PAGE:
TO MADAME BRILLIANT. YOU may remember, my dear friend, that when we lately spent that happy day, in the de. lightful garden and sweet society of the Moulin Joly, I stopt a liule in one of our walks, and staid some time behind the company. We had been shewn numberless skeletons of a kind of little fly, called an Ephemeræ, whose successive generations, we are told, were bred and expired within the day, I happened to see a living company of them on a leaf, who appeared to be engaged in conversation. You know I understand all the inferior animal tongues : my too great application to the study of them, is the best excuse I can give for the little progress I have made in your charming language. I listened through curiosity tp the discourse of these little creatures; but as they, in their natural vivacity, spoke three

or four together, I could make but little of their conversation. I found, however, by some broken expressions that I heard now and then, they were disputing warmly on the merit of two foreign musicians, the one a cousin, the other a muscheto ; in which dispute they spent their time, seemingly as regardless of the shortness of life as if they had been sure of living a month. Happy people, thought I, you live certainly under a wise, just and mild government, since you have no public grievances to complain of, nor any subject of contention, but the perfections or imper. fections of foreign music. I turned my head from them to an old grey-headed one, who was single on another leaf, and talking to himself. Being amused with his soliloquy, I put it down in writing, in hopes it will likewise amuse her to whom I am so much indebted for the most pleasing of all amusements, her delicious company, and heavenly harmony.

says he, “ the opinion of learned philosophers of our race, who lived and flourish. el long before my time, that this vast world the Moulin Jolycould not itself subsist more than eighteen hours ; and I think there was some found ation for that opinion ; since, by the apparent motion of the great luminary, that gives life to all nature, and which in my time has evidently declined considerably towards the ocean at the end of our earth, it must then finish its course, be extinguished in the waters that surround us, and leave the world in cold and darkness, necessarily producing universal death and destruction. I have lived seven of those hours ; a great age, being no less than 420 minutes of time. How very few of us continue so long ! I have seen generations born, flourish, and expire. My present friends are the children and grand-children of the friends of my youth, who are now, alas, no more! And I must soon follow them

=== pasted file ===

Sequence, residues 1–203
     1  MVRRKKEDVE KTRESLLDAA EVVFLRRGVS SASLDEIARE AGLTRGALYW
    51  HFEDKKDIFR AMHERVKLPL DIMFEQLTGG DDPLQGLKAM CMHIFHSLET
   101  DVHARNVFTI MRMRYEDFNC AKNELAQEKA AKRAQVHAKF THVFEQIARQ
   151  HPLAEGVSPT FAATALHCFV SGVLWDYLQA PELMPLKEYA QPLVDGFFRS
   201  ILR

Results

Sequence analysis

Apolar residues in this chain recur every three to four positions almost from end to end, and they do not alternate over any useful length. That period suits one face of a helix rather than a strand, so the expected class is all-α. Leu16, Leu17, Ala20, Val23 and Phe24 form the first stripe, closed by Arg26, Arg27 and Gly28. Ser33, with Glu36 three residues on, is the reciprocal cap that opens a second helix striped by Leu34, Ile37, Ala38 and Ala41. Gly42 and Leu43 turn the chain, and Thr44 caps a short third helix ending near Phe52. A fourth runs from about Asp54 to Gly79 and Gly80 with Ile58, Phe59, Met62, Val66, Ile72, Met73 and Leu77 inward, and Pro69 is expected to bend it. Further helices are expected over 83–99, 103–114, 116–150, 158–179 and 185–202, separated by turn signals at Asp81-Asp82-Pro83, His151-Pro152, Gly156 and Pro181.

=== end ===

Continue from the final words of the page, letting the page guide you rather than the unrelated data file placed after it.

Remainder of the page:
66 It was,

; for, by the course of nature, though still in health, I cannot expect to live above seven or eight minutes longer. What now avails all my toil and labour, in amassing honey.dew on this leaf, which I cannot live to enjoy! What the political struggles I have been engaged in, for the good of my com. patriot inhabitants of this bush, or my philosophical studies, for the benefit of our race in general ! for in politics (what can laws do without morals ?) our present race of Ephemeræ will in a course of minutes become corrupt, like those of other and older bushes, and consequently as wretched : And in philoso. phy how small our progress! Alas ! art is long and life is short ! My friends would comfort me with the idea of a name, they say, I shall leave behind me ; and they tell me I have lived long enough to nature and to glory. But what will fame be to an Ephemeræ who no longer exists? and what will become of all history in the eighteenth hoor, when the world itself, even the whole Moulin Joly, shall come to its end, and be buried in universal ruin ?".

To me, after all my eager pursuits, no solid pleasures now remain, but the reflection of a long life spent in meaning well, the sensible conversa,